It takes us YEARS to find copies that sound like this one. Bernie’s version for Classic beats a lot of copies out there, but it can’t hold a candle to this one.
I’ve been listening to Hot Rats since I was in high school. It’s still remarkably fresh and original, even now. This is not music for the faint of heart. Audiophiles who prefer a steady diet of Patricia Barber and her like will find little of interest here. But for those of you who want to explore something completely original and a bit “out there,” this should be right up your alley — and be sure to check out Waka Jawaka too.
Reading in the liner notes today, I see that one of the engineers on this album is Jack Hunt, the famous half-speed mastering engineer who cut records for Mobile Fidelity and Direct Disc Labs. Oh how the mighty have fallen.
Excellent tonal balance from top to bottom, with more transparency and top end than the typical copy.
Rich and tubey with nice top extension and a spacious, three-dimensional quality.
Peaches En Regalia
This track tends to be a bit dull and could use a little sweetening on the top end on almost any copy you find. 1 or 2 dB at 10k might just be what the doctor ordered.
Willie the Pimp
This is one of the two extended tracks on the album; the second track on each side is “the long one,” and they both suffer from the same slight upper midrange boost. This song and The Gumbo Variations on side two are both difficult to turn up due to their tendency to be slightly aggressive.
Son Of Mr. Green Genes
One of the best sounding tracks on the album, and probably the best sound to be found on side one.
Possibly the best sounding song Zappa ever recorded. With the right pressing, the sound is PERFECTION.
The Gumbo Variations
Again, a slight tendency towards the aggressive, but great music. If you like hard bop sax, this track is for you.
It Must Be A Camel
The second best sounding track on the album, and some of the best music Zappa ever recorded. You have to love all the Edgar Varese-inspired percussion.
Aside from the experimental side project Lumpy Gravy, Hot Rats was the first album Frank Zappa recorded as a solo artist sans the Mothers, though he continued to employ previous musical collaborators, most notably multi-instrumentalist Ian Underwood. Other than another side project — the doo wop tribute Cruising With Ruben and the Jets — Hot Rats was also the first time Zappa focused his efforts in one general area, namely jazz-rock. The result is a classic of the genre.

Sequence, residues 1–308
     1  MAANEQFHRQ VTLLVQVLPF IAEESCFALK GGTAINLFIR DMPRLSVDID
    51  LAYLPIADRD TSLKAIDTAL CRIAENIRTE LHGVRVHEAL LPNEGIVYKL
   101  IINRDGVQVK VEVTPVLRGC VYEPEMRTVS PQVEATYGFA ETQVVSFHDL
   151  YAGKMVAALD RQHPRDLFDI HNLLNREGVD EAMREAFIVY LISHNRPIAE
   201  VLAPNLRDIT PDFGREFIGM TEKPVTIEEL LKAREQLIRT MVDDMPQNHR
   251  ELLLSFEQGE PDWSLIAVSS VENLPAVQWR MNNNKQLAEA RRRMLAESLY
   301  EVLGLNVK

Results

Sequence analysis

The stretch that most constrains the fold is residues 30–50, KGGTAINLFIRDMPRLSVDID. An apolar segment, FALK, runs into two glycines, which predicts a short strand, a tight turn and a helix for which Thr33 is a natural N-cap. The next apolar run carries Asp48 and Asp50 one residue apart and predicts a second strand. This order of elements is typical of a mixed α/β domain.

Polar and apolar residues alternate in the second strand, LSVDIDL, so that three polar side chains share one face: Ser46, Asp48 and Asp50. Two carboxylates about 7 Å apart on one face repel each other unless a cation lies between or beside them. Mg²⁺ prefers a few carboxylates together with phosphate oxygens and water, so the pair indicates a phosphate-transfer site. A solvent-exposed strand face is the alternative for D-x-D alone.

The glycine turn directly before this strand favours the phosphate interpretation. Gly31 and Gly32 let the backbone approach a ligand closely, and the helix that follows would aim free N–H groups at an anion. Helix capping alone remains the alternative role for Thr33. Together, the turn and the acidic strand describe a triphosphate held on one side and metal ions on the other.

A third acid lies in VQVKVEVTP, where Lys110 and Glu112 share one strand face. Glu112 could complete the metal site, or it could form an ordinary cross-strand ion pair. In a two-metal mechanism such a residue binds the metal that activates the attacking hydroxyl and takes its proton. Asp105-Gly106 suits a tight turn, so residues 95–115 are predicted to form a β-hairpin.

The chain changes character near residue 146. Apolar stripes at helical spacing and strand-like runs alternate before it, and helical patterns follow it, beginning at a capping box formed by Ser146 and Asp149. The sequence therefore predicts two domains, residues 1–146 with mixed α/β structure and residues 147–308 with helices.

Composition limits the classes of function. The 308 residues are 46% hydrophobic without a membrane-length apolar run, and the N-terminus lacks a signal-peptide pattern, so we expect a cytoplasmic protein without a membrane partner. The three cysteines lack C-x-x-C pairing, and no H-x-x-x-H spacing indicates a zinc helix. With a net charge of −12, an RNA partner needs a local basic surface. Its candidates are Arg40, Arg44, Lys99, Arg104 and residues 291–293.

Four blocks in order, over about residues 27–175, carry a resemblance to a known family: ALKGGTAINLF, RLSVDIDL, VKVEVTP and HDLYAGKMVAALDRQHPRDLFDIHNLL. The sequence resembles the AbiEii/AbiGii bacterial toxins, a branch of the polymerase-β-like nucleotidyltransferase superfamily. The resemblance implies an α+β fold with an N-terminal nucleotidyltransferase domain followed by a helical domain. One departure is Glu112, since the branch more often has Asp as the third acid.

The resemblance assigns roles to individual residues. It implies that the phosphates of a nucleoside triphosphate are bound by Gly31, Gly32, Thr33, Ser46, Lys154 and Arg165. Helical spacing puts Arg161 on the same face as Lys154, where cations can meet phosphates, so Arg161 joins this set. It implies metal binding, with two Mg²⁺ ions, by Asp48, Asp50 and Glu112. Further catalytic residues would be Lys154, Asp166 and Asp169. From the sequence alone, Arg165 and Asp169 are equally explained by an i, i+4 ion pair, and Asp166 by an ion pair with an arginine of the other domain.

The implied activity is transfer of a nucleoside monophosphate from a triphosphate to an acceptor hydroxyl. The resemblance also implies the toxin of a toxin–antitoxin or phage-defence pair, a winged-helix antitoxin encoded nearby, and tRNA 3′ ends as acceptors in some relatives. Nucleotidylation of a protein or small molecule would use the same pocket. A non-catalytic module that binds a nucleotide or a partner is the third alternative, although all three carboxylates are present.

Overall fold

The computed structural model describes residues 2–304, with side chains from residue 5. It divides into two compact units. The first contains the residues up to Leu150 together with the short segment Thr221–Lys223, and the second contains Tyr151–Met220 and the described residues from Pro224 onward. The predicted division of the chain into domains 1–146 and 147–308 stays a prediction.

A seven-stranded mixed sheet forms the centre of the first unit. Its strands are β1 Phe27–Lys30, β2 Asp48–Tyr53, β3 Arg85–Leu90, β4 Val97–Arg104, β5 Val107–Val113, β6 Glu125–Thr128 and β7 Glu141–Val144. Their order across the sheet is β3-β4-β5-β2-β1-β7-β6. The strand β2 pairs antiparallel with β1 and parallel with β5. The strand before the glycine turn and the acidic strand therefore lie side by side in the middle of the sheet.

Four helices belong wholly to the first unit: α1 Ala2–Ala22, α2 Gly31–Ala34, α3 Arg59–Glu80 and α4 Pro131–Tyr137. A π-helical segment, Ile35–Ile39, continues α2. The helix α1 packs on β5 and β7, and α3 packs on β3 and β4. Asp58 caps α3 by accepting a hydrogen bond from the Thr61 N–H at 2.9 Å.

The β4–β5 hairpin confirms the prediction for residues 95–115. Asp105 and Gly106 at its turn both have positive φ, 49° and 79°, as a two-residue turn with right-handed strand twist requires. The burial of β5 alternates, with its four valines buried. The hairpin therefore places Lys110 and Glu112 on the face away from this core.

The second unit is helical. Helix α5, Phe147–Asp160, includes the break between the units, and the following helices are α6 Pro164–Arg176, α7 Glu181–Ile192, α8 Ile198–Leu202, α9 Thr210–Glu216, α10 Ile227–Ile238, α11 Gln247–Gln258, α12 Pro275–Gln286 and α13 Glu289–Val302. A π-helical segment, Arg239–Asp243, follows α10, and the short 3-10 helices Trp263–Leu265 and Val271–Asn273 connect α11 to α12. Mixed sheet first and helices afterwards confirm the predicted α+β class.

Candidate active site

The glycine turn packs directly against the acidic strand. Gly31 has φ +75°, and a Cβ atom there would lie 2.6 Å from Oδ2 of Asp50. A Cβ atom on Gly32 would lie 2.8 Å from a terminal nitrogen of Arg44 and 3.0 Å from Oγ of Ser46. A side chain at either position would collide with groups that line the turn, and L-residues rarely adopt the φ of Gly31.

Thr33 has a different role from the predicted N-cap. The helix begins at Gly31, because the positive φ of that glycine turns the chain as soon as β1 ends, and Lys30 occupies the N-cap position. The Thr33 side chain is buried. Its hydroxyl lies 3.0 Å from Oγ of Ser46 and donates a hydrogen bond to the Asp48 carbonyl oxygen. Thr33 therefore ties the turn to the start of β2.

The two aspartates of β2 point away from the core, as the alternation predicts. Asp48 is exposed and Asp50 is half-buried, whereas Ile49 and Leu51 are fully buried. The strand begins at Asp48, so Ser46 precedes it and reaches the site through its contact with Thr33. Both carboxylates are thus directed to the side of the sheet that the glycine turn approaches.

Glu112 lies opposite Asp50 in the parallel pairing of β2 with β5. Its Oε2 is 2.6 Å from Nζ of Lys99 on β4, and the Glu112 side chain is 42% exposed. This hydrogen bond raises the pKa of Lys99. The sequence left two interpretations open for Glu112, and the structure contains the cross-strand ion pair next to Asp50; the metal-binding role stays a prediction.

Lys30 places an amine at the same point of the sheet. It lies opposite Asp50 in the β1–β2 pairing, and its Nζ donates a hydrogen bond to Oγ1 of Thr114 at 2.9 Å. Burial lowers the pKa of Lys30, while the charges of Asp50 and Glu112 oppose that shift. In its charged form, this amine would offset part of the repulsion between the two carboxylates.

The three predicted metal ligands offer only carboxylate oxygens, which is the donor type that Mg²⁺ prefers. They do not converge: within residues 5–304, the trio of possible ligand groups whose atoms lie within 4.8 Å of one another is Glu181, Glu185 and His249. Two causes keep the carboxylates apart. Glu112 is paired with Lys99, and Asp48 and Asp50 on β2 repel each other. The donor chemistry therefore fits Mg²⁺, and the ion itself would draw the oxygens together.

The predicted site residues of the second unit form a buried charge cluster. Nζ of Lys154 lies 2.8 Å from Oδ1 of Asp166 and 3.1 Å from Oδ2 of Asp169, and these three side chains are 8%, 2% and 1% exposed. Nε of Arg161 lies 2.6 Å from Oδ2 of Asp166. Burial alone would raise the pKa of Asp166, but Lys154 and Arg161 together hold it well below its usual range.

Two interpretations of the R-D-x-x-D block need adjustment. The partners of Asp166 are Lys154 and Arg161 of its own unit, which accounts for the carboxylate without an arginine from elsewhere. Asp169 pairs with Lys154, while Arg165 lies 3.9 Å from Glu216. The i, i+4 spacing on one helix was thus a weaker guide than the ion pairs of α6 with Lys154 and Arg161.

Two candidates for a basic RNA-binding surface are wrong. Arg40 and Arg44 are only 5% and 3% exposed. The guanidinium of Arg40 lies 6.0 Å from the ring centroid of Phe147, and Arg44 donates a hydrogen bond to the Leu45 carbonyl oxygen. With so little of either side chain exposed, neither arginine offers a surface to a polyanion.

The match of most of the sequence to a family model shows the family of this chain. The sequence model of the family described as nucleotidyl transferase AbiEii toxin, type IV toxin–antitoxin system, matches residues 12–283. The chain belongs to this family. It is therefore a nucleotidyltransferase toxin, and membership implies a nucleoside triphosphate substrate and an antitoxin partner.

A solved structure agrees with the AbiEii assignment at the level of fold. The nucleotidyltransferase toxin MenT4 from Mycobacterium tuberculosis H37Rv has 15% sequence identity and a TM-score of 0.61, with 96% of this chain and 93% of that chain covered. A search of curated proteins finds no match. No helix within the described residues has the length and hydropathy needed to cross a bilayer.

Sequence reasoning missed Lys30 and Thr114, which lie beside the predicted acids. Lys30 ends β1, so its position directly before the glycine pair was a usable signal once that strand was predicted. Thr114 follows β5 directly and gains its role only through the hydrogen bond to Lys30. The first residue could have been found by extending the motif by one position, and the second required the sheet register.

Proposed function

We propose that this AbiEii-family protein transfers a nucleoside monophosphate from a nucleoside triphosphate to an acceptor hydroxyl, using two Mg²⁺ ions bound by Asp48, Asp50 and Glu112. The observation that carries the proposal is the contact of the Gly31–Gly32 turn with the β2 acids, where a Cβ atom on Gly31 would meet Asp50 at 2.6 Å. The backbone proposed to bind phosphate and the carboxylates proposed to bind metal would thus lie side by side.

Hot Rats’ genius lies in the way it fuses the compositional sophistication of jazz with rock’s down-and-dirty attitude — there’s a real looseness and grit to the three lengthy jams, and a surprising, wry elegance to the three shorter, tightly arranged numbers (particularly the sumptuous “Peaches en Regalia”). Perhaps the biggest revelation isn’t the straightforward presentation, or the intricately shifting instrumental voices in Zappa’s arrangements — it’s his own virtuosity on the electric guitar, recorded during extended improvisational workouts for the first time here. His wonderfully scuzzy, distorted tone is an especially good fit on “Willie the Pimp,” with its greasy blues riffs and guest vocalist Captain Beefheart’s Howlin’ Wolf theatrics.
Elsewhere, his skill as a melodist was in full flower, whether dominating an entire piece or providing a memorable theme as a jumping-off point. In addition to Underwood, the backing band featured contributions from Jean-Luc Ponty, Lowell George, and Don “Sugarcane” Harris, among others; still, Zappa is unquestionably the star of the show.
Hot Rats still sizzles; few albums originating on the rock side of jazz-rock fusion flowed so freely between both sides of the equation, or achieved such unwavering excitement and energy.